The term "liquid biopsy" has been coined as a contrast with "tissue biopsy". In liquid biopsy, blood or body fluids are used to query the disease state of the body. Blood, through its network of capillaries, makes contact with all cells in the body and can therefore collect materials ejected by normal and diseased cells. By detecting the presence of disease markers in blood it then become possible to detect a disease state even without knowing the exact location of the diseased tissue.
Liquid biopsy is likely to impact many areas of healthcare, such as the impact of infectious agents on host response, inflammatory disease foci, host response to tissue transplanatation and to the detection and monitoring of cancer.
Liquid biopsy is expected to revolutionize cancer Dx by supplementing tissue biopsy to determine prognosis and therapeutic regimens.
Presence of mutations in the blood stream or in body fluids would enable early detection of a tumor as-well-as post-diagnostic monitoring and prediction of a relapse.
The following attributes make detection of nucleic acid based markers through liquid biopsy compelling:
- Lower cost - reduces the need for surgical procedures and the costs of tissue processing, staining, and analysis
- Non-invasive - reduces the need to locate and then sample a tumor to perform diagnostic tests
- Definitive diagnosis - genomic lesions likely to provide more definitive indications
- Continuous monitoring - ease of non-invasive sampling allows the disease status to be monitored over extended time periods
- Detecting tumor heterogeneity - diagnosis and treatment often depends on an assumption that the sample aliquot is representative of the whole tumor. Liquid biopsy tends to be more inclusive though dominant genomic lesions are more likely to be detected.
- Detecting clonal change - changes in the clonal cell population, for example, from a treatment susceptible clone to a resistant clonal population is more easily detected by liquid biopsy approaches.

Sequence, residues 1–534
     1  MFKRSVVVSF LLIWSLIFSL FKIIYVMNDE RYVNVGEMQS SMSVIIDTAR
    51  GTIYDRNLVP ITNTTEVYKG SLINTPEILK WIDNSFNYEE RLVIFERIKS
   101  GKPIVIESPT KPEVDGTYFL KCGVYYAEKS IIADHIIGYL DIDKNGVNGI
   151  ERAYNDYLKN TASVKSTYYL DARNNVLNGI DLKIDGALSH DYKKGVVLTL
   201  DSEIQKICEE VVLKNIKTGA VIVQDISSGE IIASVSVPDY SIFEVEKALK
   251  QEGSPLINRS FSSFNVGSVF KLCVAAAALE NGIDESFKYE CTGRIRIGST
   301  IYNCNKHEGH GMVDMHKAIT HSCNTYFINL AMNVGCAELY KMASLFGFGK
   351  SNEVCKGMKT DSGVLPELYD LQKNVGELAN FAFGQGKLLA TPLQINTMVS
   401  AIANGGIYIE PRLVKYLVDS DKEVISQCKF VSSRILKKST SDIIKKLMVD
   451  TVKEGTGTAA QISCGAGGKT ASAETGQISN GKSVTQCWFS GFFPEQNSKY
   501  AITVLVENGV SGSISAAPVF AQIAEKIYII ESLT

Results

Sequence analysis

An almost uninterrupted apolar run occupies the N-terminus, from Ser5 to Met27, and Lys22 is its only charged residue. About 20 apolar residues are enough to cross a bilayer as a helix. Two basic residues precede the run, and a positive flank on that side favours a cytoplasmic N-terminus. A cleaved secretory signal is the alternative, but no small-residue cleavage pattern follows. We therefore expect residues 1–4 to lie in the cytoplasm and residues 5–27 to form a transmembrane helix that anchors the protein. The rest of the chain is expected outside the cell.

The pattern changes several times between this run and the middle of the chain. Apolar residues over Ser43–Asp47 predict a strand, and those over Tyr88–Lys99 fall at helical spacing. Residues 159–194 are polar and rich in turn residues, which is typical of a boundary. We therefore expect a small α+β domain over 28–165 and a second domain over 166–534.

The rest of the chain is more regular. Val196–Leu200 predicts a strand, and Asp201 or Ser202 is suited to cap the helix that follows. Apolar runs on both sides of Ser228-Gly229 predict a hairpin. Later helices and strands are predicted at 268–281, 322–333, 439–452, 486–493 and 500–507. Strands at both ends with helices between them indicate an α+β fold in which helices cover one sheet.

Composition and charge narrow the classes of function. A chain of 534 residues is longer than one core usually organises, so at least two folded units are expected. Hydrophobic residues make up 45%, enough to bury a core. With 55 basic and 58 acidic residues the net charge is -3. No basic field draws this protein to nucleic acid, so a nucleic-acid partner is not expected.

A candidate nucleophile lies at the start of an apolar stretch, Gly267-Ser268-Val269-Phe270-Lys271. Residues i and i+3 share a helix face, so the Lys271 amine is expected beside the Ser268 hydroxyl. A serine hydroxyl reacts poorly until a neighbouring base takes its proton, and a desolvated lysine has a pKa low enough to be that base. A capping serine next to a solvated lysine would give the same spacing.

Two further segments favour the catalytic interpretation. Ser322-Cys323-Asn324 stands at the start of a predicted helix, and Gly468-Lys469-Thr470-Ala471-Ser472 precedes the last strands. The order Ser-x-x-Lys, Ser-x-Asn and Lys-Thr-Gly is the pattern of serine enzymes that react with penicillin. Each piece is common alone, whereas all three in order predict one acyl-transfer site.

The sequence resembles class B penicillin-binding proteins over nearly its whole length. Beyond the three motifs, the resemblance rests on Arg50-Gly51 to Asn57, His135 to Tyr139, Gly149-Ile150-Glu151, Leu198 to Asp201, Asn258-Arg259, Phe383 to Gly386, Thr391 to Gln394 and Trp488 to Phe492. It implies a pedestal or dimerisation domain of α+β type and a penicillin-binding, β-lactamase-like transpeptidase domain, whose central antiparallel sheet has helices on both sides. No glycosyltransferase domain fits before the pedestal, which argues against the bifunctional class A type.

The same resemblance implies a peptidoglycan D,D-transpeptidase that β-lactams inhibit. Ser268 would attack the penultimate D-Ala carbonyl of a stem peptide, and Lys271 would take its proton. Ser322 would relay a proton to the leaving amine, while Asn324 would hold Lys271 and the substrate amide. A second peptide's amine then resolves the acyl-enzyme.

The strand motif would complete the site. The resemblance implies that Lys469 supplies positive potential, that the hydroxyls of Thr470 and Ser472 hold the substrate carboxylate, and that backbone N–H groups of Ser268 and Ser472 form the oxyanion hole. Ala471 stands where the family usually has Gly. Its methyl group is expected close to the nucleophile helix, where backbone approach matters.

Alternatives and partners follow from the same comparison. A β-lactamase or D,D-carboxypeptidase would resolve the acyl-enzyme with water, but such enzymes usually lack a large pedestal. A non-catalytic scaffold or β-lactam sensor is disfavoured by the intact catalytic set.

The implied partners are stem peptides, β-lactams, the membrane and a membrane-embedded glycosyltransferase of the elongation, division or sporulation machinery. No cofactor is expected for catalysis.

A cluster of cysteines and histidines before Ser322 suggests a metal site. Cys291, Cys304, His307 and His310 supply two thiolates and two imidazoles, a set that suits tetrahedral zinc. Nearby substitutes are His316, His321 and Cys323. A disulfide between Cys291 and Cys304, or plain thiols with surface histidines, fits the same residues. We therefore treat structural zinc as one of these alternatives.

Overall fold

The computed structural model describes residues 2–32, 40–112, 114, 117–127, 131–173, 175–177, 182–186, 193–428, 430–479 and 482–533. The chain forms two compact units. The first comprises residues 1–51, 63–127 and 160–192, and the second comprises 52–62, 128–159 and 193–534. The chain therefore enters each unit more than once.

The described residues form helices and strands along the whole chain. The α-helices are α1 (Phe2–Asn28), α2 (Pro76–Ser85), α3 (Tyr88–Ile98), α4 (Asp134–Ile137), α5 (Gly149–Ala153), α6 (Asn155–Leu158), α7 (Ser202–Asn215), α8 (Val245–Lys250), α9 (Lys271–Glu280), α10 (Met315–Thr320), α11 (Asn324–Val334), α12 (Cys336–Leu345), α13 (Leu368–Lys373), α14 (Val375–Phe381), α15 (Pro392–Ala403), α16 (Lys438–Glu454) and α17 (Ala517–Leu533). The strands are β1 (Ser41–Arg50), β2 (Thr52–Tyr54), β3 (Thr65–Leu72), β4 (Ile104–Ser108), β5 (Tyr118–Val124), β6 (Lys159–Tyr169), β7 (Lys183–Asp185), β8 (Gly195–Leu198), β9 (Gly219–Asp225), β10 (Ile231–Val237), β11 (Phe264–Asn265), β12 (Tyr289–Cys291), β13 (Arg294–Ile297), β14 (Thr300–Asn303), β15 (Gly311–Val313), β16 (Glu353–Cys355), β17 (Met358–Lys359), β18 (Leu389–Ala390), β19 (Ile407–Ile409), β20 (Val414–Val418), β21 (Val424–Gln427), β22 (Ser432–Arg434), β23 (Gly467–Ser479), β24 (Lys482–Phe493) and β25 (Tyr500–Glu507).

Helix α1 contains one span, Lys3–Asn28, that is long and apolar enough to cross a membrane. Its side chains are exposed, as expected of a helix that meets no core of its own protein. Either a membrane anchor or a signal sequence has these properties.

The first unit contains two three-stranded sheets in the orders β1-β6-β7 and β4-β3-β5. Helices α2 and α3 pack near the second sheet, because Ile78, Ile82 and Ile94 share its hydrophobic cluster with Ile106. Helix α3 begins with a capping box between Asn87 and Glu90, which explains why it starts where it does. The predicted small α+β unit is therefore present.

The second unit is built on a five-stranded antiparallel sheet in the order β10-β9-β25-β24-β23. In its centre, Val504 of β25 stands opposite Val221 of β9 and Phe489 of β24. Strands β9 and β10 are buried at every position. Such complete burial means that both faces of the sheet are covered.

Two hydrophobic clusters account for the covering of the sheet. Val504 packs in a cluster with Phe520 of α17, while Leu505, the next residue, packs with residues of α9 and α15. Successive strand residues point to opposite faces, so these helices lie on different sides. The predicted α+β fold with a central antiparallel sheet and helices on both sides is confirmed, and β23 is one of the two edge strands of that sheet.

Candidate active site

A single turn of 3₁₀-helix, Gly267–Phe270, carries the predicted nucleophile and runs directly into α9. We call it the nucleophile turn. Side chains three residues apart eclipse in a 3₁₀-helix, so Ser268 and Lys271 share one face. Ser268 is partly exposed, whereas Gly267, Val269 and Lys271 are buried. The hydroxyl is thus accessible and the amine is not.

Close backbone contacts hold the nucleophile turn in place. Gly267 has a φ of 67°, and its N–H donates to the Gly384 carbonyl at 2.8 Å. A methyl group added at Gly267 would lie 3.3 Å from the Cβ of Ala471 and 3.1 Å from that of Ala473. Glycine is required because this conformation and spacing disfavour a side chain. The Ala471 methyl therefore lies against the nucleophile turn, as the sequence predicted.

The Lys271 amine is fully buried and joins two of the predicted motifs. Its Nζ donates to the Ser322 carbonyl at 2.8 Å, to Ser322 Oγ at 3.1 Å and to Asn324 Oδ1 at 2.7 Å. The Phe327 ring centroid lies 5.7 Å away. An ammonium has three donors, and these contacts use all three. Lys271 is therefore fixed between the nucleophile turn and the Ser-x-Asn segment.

The primary challenge for the detection of circulating cell-free nucleic acid markers in blood and body fluids is in detecting the low amounts present in the large pool of normal circulating cell-free nucleic acids. Current detection limits of quantitative Polymerase Chain Reaction (qPCR) and of Next Generation Sequencing (NGS) based approaches are not adequate to detect the low amounts of the disease marker.
Modifications on the core qPCR methods, for example by using Locked Nucleic Acid primers or by the development of counting approaches such as digital PCR alleviate some of the challenges with qPCR but still require a priori knowledge of the specific genetic change that is to be detected so that an assay can be designed and optimized. For highly dynamic diseases such as cancer, where the mutation profile changes with time, PCR based assays are difficult to implement.
Next Generation Sequencing based approaches, which query genes or regions rather than mutations, are better suited to changing diseases such as cancer, as new mutations can be detected as they appear. The detection limits for Next Generation Sequencing workflows are ~1% or higher for adequate sensitivity and specificity. That is, if a mutation is present in a normal pool of DNA at lower than 1%, it may not be detected by Next Generation Sequencing. Approaches that label individual DNA molecules with a unique DNA barcode can improve the detection limit by a factor of 10 but at the cost of over-sequencing. Most unique barcode based approaches require sequencing depths of 10,000x to 50,000x for the the error correction to be implemented.
At Proxeom we are developing solutions for liquid biopsy applications using Next Generation Sequencing, which are expected to deliver limits of detection of 0.01-0.1% with high sensitivity and specificity at sequencing depths of approximately 2,000-5,000x which will improve the true detection rate at a lower sequencing cost.
Please, check the technology section where we will release more information as the patent filing process progresses.